Launching a boat from a trailer isn’t supposed to be an exciting task. Getting in the boat, heading out to the lake, catching some fish, now that’s fun and exciting. But just backing down the ramp and floating ol’ Wave-Whacker off the bunks is a rather mundane chore.
Unless the brakes on the tow vehicle decide it’s time to malfunction! All of a sudden the slow descent down the ramp, the boat floating free and the rest of the procedure turns into a power launch.
That’s what happened to me.
I suppose I was lucky.
A few minutes earlier I’d been speeding down a busy highway filled with other cars and trucks. Had the brakes failed then, I would have been in a bigger pickle than just shooting my boat off the trailer. Actually, when the boat floated free, the last ounce of brake fluid left in the system actuated just enough pressure to slow and stop the truck to keep from power launching the tow vehicle.
So now what?
The boat was floating nicely. The truck and trailer were safe in the parking lot. There was a little puddle of brake fluid dripping from the ruptured brake line and I was 50 miles from home. What would you do in this situation? Here’s what I did.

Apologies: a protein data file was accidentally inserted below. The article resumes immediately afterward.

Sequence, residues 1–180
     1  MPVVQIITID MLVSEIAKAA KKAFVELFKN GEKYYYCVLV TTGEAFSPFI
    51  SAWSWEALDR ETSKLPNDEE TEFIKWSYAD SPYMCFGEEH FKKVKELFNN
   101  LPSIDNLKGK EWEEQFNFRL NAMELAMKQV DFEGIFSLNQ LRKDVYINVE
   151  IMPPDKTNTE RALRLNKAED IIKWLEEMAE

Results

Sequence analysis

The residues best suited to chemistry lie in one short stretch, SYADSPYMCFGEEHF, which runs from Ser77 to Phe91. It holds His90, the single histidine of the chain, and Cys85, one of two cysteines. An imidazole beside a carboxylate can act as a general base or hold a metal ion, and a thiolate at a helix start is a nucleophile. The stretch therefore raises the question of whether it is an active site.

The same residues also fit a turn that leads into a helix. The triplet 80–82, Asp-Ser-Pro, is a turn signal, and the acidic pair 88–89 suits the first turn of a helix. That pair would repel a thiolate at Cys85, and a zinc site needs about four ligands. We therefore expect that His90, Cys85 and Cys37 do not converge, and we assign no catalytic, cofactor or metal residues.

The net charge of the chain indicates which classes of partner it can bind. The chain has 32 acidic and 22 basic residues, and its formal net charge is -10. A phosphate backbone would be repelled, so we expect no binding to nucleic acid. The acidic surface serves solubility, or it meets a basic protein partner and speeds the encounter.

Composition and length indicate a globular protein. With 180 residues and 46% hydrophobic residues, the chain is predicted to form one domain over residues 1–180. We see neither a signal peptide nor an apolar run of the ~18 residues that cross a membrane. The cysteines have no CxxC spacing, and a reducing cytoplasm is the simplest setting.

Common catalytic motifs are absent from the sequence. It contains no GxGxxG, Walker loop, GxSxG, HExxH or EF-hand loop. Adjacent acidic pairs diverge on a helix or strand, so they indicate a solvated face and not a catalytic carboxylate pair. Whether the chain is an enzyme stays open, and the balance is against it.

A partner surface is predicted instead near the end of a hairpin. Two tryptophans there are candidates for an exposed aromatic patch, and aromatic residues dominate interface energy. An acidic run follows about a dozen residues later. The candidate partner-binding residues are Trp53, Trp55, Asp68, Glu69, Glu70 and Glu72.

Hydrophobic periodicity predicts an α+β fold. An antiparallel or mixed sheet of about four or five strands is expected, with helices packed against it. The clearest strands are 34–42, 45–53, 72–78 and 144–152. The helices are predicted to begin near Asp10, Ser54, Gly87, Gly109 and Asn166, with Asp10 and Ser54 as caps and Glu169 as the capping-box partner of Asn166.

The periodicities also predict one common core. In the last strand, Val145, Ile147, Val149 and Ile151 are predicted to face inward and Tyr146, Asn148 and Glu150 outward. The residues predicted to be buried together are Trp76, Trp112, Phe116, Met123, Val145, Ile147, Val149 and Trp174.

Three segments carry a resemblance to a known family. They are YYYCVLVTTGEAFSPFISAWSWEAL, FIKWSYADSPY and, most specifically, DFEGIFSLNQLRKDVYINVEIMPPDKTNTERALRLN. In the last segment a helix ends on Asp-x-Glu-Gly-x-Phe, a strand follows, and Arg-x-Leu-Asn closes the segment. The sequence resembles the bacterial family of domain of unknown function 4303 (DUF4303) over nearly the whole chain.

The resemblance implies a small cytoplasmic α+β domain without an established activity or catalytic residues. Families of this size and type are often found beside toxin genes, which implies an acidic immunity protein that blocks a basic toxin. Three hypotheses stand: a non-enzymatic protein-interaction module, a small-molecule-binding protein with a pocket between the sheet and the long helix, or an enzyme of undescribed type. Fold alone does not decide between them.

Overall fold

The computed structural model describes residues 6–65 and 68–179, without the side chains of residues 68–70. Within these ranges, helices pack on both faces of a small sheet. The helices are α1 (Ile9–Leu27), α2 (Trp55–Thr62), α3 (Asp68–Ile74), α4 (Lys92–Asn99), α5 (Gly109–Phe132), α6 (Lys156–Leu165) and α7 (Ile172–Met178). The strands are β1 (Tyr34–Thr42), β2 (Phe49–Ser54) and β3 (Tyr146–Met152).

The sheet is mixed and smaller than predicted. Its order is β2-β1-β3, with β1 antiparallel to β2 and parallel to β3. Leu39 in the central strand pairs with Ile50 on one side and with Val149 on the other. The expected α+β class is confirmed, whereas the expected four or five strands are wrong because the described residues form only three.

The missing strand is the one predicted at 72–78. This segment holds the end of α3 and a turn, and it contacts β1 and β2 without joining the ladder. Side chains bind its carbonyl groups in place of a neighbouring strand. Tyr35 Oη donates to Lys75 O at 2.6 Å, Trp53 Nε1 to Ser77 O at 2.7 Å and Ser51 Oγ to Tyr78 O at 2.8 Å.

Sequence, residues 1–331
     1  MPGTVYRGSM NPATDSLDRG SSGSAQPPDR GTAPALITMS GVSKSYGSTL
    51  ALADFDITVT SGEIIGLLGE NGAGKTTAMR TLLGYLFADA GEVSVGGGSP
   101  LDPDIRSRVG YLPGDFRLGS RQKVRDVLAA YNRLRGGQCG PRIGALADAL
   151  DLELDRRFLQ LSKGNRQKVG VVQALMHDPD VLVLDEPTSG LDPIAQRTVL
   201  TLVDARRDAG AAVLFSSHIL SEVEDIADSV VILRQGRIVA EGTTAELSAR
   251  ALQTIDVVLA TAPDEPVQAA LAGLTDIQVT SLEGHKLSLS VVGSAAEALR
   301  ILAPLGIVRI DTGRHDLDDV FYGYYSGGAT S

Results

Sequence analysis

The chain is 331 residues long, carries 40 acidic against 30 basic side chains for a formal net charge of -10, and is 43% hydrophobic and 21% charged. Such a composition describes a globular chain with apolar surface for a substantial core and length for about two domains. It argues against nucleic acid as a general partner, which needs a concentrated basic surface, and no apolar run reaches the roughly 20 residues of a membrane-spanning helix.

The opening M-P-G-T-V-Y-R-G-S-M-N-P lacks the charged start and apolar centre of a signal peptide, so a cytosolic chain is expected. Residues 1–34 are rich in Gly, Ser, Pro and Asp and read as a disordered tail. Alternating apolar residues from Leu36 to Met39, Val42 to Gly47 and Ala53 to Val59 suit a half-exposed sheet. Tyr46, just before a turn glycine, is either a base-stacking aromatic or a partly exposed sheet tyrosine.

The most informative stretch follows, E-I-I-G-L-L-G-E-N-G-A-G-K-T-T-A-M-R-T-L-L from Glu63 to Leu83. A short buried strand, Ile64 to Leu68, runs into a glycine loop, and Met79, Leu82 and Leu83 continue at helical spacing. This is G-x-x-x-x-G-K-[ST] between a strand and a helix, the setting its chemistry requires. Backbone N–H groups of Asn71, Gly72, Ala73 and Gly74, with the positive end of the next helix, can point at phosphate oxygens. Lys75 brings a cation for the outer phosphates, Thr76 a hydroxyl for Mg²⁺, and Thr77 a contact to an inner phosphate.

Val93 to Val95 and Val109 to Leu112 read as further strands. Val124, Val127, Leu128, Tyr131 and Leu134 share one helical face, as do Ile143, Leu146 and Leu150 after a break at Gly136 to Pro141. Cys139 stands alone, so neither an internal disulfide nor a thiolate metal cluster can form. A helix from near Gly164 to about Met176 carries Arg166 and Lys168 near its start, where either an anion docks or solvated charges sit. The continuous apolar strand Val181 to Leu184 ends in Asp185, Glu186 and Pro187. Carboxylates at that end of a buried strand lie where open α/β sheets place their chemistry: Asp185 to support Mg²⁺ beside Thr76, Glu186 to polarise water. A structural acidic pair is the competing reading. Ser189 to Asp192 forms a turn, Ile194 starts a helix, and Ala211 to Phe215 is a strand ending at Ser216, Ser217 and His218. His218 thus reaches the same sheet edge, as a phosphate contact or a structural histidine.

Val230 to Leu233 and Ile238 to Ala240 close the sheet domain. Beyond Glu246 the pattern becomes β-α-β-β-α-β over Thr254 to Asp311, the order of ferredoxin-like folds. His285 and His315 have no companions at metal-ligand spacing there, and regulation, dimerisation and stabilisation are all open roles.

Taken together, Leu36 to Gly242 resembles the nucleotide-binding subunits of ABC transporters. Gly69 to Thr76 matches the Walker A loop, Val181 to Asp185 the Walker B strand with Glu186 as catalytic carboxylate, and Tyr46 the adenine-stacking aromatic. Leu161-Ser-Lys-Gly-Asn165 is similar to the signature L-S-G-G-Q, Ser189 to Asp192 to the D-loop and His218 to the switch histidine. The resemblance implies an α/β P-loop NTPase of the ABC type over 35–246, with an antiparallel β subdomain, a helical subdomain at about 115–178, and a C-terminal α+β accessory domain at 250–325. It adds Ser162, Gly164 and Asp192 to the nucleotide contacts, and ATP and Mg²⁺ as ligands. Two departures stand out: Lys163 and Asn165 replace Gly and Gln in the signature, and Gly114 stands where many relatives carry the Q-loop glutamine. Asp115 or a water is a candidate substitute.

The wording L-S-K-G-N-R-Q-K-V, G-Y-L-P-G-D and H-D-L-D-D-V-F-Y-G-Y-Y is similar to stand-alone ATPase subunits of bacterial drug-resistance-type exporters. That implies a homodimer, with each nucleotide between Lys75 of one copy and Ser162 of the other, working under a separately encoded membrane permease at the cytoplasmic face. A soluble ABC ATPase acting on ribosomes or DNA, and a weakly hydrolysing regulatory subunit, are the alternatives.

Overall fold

I pulled out my cell phone, scrolled through the apps showing on the screen until I found the icon with the BoatUS logo and touched it. In a few seconds, I was connected with a person ready and able to help. I told her the problem, I told her what marina I was located and I told her there was no hurry. I’d traveled to the lake to go fishing, the boat was floating, my fishing partners were due any minute and the truck wouldn’t be any more broken in early afternoon than it was right now at dawn.
A bit of information was relayed back and forth and she went to work. Fifteen minutes later, my phone rang and Terry, from a local towing company, was on the line.
“I’m sure this is a bit strange,” I told him. “I imagine most of the time when you get a call it’s because someone needs your help and needs it as soon as possible.” I explained what happened and then asked, “Can you meet me at the marina at 1PM?”
The meeting scheduled, all I had to do was concentrate on picking the best place to fish and the best lures to use. We had a great fishing trip and I was back at the dock in plenty of time to meet up with Terry and the tow truck.